I ran this argument by Zarenski. As I finished, he told me that I couldn’t see it over the phone, but he was nodding his head up and down enthusiastically. “There are so many people who want to have some say over a project,” he said. “You have to meet so many parking spaces, per unit. It needs to be this far back from the sight lines. You have to use this much reclaimed water. You didn’t have 30 people sitting in an hearing room for the approval of a permit 40 years ago.”
Some of this is expressed through regulation. Anyone who has tracked housing construction in high-income and low-income areas knows that power operates informally, too. There’s a reason so much recent construction in Washington, D.C., has happened in the city’s Southwest, rather than in Georgetown. When richer residents want something stopped, they know how to organize — and they often already have the organizations, to say nothing of the lobbyists and access, needed to stop it.
This, Syverson said, was closest to his view on the construction slowdown, though he didn’t know how to test it against the data. “There are a million veto points,” he said. “There are a lot of mouths at the trough that need to be fed to get anything started or done. So many people can gum up the works.”
This also helps explain the curious finding that ends Syverson and Goolsbee’s paper. After looking at the states with the highest construction productivity, they note that the more productive states don’t seem to gain market share in the construction industry. That doesn’t make much sense if you assume that the difficulties of construction are primarily the organization of manpower and materials. It makes more sense if you assume that the frictions are in navigating local regulations, community considerations, neighbors’ qualms and politicians’ interests.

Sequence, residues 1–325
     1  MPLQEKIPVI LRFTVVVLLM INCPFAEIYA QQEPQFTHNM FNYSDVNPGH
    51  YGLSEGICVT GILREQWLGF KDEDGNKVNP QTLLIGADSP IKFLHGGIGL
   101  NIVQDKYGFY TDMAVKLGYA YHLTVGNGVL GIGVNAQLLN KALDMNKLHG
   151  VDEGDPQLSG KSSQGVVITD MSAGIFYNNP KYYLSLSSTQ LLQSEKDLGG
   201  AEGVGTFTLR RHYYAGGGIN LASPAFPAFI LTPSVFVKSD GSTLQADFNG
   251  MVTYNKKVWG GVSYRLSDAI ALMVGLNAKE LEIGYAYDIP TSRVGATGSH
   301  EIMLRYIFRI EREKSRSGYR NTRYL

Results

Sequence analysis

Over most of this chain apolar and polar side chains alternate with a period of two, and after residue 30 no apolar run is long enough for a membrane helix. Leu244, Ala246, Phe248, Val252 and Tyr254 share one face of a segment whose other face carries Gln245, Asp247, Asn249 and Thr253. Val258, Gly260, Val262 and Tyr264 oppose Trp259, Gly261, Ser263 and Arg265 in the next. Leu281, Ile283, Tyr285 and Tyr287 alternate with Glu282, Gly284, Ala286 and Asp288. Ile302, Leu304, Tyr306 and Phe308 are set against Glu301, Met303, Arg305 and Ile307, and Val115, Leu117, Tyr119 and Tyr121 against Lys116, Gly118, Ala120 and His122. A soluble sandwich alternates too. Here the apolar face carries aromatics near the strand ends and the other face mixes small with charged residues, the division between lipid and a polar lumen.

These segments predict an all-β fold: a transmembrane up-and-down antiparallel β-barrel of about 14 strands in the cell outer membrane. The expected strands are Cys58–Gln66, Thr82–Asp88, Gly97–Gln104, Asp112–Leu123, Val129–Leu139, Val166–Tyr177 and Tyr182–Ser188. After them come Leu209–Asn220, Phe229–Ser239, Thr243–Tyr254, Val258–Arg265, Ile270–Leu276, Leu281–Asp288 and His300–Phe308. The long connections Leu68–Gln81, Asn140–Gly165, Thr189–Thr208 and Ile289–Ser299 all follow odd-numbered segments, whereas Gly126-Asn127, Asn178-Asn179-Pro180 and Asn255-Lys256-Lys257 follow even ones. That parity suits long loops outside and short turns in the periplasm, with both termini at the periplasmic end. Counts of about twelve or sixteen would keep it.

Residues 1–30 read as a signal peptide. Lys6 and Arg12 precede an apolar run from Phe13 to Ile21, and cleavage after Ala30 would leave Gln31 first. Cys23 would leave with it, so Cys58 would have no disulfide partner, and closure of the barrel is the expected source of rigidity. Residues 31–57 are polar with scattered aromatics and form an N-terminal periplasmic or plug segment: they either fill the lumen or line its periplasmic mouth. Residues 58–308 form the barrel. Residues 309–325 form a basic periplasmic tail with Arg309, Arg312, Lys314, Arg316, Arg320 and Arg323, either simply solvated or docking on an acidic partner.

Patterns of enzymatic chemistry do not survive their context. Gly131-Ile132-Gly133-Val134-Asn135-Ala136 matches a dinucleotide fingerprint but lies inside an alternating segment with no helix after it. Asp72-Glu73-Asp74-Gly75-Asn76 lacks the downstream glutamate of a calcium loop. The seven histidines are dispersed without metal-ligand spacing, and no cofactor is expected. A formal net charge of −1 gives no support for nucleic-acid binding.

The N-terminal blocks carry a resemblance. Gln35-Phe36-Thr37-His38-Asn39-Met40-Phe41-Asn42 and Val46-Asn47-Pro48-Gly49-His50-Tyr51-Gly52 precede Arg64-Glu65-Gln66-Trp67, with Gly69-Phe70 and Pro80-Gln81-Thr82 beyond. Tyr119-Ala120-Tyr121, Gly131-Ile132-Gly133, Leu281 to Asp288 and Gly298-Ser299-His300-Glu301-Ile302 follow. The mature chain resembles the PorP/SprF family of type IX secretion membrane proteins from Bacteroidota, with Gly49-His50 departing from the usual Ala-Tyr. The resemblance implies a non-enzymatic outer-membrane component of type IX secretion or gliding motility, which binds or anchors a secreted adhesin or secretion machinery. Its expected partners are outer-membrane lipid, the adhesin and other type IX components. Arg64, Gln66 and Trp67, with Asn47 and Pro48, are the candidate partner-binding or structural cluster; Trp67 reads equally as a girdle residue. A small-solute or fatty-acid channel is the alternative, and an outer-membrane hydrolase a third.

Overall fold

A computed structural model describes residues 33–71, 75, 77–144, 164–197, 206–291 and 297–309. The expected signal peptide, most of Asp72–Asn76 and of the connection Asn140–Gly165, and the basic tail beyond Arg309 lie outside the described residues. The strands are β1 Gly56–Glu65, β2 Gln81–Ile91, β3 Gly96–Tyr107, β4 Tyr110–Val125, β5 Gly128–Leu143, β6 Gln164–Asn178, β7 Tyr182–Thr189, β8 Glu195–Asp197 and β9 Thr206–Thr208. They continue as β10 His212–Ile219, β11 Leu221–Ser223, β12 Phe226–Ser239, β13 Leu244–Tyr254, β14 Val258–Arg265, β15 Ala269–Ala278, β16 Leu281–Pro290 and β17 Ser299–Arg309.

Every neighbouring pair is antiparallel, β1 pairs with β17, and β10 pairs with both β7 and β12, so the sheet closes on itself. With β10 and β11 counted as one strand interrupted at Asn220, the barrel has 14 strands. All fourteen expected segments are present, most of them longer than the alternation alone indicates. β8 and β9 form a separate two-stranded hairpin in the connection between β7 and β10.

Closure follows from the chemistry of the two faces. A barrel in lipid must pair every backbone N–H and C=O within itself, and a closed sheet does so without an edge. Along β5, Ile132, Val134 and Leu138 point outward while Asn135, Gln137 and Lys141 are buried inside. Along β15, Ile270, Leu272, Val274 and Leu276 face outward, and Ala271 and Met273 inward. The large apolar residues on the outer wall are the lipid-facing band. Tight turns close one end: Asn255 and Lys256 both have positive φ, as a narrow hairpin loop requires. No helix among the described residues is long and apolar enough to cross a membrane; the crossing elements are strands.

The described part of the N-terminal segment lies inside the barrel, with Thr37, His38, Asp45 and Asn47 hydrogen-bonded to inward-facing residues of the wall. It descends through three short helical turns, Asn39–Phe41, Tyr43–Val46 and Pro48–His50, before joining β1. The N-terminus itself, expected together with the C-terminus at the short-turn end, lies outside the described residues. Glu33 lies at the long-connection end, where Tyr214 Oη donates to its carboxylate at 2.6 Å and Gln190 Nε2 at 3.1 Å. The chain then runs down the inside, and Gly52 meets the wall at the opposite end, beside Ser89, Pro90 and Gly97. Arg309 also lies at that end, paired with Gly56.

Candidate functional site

In the cities where I’ve covered politics closely, developers are fixtures in the local political scene. They have to be.
“My feeling is the guys that know the system have a much easier time getting through the system,” Zarenski said. “They know ahead of time what they have to come into the party with and how to speak to those people and how to satisfy them, and so it goes a lot smoother for them.” But a thorough knowledge of one city or state, and establishing relationships with its key stakeholders and decision makers, won’t necessarily translate to success in another.
How do we get construction productivity rising again? I have no idea. Construction should become safer, more respectful of community concerns, and more environmentally sustainable as countries become richer and less desperate for growth. But it’s also true that many of the problems America faces — from decarbonization to affordable housing — would be a lot easier to solve if we were getting better at building, rather than worse.